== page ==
“I am going to criticize everyone who has spoken yesterday and today and everyone in the audience.” That’s how Dr. Victor Montori started his closing keynote at the 2018 Lown Conference.
Montori, an endocrinologist at the Mayo Clinic and founder of the advocacy group The Patient Revolution, was not arguing against working for affordable, effective health care. He was questioning the language we use to describe health care reform – the type of language that he says reinforces health care as an industry rather than health care as an art.
“We shouldn’t talk about care as a product, delivered by providers to consumers who are activated, ” said Montori. “By treating health care like a business, we lose meaning and connection with patients.”
Montori goes deep into the problems of what he calls “industrialized health care” in his book, Why We Revolt: A Patient Revolution for Careful and Kind Care. Lown Institute Vice President Shannon Brownlee recently reviewed Why We Revolt in The Washington Monthly describing it as a “slim and beautiful book” that reveals “the ways in which the industrialization of health care, rather than making it more efficient, has instead corrupted the mission of medicine.”
From Brownlee’s perspective as a health care journalist and think tank leader, Montori’s book is a breath of fresh air. Too often solutions to health care dysfunction just put more onus on patients to work within a broken market-based system, rather than challenge the way the system actually works. Montori addresses the problem at its source, calling on patients and doctors to have unhurried conversations, to rebuild the sacred space where doctor-patient interactions occur.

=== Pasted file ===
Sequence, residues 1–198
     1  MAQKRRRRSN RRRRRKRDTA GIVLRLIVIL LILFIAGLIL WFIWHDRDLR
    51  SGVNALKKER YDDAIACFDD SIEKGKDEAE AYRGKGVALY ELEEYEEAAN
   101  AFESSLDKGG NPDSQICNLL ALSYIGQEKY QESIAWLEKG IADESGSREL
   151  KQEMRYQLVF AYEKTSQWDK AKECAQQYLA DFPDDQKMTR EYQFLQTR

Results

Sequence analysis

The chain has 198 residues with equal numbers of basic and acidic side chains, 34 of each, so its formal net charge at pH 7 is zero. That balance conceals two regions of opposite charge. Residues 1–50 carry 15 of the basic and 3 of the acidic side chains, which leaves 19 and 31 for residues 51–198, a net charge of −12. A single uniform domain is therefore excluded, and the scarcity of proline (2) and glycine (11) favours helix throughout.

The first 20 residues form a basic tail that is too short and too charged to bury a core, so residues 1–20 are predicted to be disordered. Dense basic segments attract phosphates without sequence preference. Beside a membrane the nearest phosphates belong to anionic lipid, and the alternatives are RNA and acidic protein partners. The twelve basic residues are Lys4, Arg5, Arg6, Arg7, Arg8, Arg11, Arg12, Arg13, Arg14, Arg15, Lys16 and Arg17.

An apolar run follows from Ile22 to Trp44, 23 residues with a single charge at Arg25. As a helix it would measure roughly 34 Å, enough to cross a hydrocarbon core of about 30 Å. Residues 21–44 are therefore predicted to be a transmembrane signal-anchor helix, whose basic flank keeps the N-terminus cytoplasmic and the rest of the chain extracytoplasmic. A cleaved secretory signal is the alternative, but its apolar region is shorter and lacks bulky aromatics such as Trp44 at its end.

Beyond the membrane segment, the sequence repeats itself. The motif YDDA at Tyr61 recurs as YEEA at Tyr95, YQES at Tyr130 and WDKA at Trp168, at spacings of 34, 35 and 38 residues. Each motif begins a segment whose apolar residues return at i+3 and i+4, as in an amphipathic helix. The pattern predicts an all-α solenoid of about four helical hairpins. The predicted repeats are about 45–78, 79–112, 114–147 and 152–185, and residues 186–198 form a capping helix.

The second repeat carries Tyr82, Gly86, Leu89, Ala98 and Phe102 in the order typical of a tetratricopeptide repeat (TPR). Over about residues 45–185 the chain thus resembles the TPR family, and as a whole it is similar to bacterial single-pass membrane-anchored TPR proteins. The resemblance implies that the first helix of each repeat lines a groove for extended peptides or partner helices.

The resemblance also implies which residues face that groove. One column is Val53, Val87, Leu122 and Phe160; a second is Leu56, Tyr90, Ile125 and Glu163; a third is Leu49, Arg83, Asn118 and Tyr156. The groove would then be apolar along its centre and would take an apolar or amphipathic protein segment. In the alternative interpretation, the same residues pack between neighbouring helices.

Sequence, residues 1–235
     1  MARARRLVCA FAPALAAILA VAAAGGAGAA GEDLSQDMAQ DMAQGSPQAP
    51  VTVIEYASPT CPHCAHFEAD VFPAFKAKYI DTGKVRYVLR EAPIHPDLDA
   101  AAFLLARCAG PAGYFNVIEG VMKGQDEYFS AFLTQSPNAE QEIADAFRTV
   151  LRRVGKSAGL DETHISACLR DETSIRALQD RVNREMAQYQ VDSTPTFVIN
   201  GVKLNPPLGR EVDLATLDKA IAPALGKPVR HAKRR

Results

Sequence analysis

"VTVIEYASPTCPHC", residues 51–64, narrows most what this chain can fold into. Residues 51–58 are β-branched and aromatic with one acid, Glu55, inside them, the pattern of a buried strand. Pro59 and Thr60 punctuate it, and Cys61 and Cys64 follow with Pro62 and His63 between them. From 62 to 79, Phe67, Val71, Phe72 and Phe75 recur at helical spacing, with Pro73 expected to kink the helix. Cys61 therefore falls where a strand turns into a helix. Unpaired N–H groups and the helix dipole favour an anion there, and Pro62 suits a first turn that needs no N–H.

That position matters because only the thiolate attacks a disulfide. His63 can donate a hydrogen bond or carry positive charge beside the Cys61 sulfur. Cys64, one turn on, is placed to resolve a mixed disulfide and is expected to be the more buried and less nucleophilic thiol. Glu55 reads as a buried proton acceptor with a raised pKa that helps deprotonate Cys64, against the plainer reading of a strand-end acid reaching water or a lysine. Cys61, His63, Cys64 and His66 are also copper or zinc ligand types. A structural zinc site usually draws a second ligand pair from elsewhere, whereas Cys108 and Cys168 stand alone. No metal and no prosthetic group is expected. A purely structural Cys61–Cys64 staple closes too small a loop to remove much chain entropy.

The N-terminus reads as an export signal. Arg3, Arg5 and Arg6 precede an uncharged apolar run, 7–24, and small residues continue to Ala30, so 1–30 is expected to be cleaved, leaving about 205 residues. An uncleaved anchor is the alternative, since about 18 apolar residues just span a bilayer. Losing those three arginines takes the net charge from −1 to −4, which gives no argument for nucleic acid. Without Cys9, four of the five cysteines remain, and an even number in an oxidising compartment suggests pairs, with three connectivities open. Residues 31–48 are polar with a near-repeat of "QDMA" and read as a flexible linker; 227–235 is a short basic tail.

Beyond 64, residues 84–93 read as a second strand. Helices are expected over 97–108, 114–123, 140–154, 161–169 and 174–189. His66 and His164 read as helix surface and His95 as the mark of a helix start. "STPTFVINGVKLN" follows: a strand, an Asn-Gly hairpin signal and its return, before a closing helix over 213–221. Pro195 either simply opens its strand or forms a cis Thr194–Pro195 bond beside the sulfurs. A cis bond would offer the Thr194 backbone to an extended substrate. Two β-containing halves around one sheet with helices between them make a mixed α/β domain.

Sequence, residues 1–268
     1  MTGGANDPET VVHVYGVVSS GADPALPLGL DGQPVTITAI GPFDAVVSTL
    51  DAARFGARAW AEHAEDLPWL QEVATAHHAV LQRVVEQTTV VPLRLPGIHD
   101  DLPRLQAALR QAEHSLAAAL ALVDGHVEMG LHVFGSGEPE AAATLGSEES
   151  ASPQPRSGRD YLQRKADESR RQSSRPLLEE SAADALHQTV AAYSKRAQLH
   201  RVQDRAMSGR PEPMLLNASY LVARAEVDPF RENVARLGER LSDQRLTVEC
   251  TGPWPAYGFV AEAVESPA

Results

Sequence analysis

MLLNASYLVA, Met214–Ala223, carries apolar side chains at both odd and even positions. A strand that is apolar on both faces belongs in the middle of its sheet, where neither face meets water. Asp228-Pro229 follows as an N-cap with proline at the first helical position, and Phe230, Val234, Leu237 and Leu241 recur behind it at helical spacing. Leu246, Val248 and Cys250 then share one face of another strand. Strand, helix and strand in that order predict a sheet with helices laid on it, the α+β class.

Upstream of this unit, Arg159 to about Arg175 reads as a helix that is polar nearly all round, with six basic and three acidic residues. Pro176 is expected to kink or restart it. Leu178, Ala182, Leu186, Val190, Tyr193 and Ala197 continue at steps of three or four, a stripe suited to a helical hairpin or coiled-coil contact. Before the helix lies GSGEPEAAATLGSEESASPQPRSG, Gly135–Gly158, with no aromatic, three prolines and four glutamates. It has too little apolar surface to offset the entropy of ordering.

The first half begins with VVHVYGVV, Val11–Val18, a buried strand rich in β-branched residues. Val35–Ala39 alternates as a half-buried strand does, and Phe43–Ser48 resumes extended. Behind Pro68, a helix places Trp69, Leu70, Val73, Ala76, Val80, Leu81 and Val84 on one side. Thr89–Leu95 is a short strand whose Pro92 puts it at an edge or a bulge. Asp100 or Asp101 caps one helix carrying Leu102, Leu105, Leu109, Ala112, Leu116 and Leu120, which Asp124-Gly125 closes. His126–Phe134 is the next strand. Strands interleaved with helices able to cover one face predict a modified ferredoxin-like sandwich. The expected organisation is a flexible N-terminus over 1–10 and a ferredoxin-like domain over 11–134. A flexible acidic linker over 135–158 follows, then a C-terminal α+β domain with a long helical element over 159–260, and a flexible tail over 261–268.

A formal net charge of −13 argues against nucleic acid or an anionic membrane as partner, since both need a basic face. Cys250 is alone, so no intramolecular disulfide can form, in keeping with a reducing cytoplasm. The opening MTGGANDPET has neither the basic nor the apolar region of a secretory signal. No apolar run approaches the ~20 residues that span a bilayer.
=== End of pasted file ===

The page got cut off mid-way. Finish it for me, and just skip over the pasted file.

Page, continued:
Lown Conference participant and Right Care Alliance member Mary Mack was also inspired by Montori’s book. In Why We Revolt, Montori contrasts the desire many health care workers have for the streamlined efficiency of airlines with the impersonal relationship between pilots and passengers. Montori is shocked that his colleague would want a system where the patients, like airline passengers, are all a “blur.” But as Mack writes in a blog post at The Patient Revolution, the flight home prompted her to think about the ways in which the health care system is already like the airline industry.
On her flight, from what she could see beyond the curtain into first class, passengers were getting “elaborate attention” from the flight attendants – sometimes more attention than they wanted. Meanwhile, in economy class where Mack was sitting, “passengers lacked compassion and understanding for one another,” creating a “negative and impossible environment.” The combination of overtreatment and undertreatment was playing out right in front of her eyes.
As Montori describes how the health care system has failed patients, he never loses sight of what medicine could be, and the importance of “the privilege that arises from having a front-row seat at the most intimate, sorrowful, harrowing, and joyful moments in the lives of others.”
Take Brownlee’s advice and “read this book to regain your sense of hope for the future of medicine and nursing. Or read it to understand how we can integrate the need for clinics and hospitals that are as safe as airliners and as efficient as Cheesecake Factories with the need to build a sacred space for healing and our healers.”
“Just read it.”